It’s pretty clear that a life in long-term care is not for the faint of heart.
Success in this field requires commitment, toughness, compassion and above all, a willingness to serve. Strong faith and a good head for business don’t hurt, either.
It’s my view that most in this sector are good people who want to make a positive difference in the lives of others. Or at least that’s how most people in this sector started out.
Unfortunately, more than a few seem to have taken a hit to their moral compass along the way. The singular and/or cumulative effects of fear, greed, temptation, fatigue and other compromise catalysts exist throughout the sector. Not that they are always visible. As a general rule, clouded moral judgments, dubious money grabs, compromised values and hindsight justifications prefer to lurk in dark corners.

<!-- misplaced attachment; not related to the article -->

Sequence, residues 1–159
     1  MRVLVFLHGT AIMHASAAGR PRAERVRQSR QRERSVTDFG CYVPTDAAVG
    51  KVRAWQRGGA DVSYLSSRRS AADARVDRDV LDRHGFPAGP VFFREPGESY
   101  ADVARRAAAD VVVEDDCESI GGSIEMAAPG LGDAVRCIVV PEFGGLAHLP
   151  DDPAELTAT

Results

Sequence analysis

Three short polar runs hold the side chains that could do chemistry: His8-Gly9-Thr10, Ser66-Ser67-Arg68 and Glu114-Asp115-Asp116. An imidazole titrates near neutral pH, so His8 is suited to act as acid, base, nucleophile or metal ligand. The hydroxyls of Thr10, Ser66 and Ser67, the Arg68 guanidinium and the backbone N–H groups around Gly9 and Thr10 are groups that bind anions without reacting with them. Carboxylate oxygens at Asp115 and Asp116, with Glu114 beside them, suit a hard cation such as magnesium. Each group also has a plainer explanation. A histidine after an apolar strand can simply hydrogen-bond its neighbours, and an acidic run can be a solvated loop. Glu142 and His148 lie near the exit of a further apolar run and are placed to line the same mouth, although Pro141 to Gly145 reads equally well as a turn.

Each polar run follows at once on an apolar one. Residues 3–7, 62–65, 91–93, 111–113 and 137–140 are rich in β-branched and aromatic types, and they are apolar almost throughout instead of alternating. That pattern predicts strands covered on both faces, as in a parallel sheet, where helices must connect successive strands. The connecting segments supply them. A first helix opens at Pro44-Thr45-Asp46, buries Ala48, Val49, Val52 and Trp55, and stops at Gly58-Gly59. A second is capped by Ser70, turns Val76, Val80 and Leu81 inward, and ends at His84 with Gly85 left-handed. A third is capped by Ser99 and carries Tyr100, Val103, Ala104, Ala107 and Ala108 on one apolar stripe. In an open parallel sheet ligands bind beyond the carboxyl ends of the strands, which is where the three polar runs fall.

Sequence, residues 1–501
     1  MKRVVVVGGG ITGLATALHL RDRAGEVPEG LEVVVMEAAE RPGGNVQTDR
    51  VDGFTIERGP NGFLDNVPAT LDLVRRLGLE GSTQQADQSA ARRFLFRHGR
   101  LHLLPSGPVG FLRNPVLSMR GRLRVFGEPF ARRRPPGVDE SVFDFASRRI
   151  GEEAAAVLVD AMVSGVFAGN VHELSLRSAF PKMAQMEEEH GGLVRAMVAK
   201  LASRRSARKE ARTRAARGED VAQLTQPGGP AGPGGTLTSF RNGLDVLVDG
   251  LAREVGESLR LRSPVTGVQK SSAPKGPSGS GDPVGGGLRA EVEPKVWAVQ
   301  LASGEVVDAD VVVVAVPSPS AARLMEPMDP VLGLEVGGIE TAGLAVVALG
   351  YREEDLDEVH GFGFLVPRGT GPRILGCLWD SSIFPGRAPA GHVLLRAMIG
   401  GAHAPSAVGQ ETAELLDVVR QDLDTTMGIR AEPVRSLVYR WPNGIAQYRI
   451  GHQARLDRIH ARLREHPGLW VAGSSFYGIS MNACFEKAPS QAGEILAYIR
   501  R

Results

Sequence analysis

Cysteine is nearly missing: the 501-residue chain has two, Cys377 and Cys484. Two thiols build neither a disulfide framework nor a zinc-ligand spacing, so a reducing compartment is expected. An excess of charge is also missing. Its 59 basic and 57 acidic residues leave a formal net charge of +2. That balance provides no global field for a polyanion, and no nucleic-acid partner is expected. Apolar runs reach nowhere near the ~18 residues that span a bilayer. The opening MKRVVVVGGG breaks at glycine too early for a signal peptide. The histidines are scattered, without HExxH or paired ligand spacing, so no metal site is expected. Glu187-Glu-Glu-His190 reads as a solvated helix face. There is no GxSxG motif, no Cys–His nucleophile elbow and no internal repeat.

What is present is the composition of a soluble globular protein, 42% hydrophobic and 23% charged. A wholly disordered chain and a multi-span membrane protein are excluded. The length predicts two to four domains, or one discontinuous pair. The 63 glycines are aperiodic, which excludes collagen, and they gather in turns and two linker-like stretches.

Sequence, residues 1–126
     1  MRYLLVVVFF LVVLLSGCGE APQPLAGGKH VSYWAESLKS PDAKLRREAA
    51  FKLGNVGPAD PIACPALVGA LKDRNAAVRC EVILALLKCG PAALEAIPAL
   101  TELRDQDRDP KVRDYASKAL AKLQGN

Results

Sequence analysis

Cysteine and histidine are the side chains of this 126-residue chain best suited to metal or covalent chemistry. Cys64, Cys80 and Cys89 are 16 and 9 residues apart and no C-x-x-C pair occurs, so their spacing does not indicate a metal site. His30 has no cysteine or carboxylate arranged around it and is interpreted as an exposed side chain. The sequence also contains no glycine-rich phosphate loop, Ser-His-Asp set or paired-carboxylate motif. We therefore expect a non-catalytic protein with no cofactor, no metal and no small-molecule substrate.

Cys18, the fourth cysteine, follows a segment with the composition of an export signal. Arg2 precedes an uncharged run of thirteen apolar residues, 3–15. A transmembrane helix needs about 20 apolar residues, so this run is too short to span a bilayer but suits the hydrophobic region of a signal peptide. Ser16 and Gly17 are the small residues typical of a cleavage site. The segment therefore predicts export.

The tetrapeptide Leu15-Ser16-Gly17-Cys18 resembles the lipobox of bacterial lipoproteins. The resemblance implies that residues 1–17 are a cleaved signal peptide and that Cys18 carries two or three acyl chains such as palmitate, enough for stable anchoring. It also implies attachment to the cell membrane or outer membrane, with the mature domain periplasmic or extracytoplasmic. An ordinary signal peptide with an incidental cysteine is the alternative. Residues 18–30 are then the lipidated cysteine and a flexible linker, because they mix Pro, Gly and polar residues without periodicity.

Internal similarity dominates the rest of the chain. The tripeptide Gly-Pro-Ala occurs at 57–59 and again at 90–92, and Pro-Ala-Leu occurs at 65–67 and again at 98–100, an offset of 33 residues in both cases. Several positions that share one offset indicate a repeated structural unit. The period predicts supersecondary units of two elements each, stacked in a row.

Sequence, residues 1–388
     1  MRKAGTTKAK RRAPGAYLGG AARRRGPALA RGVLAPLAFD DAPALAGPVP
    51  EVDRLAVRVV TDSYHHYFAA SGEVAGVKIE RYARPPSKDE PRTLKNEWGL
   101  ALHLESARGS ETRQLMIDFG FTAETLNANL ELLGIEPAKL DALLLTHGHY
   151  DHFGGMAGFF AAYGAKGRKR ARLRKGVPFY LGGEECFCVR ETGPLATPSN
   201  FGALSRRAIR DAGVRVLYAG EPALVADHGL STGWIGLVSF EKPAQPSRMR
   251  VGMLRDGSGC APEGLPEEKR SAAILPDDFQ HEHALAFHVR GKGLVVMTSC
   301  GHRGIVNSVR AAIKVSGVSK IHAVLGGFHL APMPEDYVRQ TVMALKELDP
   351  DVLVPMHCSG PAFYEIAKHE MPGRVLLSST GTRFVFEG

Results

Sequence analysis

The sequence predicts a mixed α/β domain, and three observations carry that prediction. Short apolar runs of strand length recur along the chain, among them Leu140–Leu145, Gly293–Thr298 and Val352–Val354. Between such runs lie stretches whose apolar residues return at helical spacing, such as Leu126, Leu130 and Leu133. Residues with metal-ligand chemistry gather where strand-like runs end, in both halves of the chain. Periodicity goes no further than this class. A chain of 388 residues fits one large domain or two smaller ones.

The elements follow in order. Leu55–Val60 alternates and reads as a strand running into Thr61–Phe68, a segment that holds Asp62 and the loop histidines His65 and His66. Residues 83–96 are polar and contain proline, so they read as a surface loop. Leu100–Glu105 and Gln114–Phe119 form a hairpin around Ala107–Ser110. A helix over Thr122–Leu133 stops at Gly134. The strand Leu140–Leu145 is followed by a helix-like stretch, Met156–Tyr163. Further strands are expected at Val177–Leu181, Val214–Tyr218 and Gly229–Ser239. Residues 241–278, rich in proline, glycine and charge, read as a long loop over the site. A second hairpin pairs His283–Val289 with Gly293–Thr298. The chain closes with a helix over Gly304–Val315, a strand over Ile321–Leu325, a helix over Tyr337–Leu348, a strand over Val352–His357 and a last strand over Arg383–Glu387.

To be sure, taking an off ramp on the road to an ethical career is not just a challenge for those in this field. But it is particularly worrisome in long-term care. And more than a bit ironic. After all, the real “why” in eldercare is to help others do better. Breaking rules or selling out hardly aids that noble purpose.
Look, we all have our scars. So there’s no point in going all Church Lady over this. What might be more useful is a little help. And I think I may have stumbled upon some in a HBR article called “Building an Ethical Career.”
So how do we keep our careers out of a moral ditch? The authors recommend a mindset shift set to what they term moral humility. In a nutshell, that’s acknowledging that we need to be vigilant, lest we commit ethical transgressions. They also suggest that we prepare ahead of time for possible moral challenges, make good choices when the rubber is hitting the proverbial road, and learn from the good or bad decisions we’ve made at crunch time.
The article may not upgrade your community’s value. But it just might improve something far more important — yours.
John O’Connor is McKnight’s Editorial Director.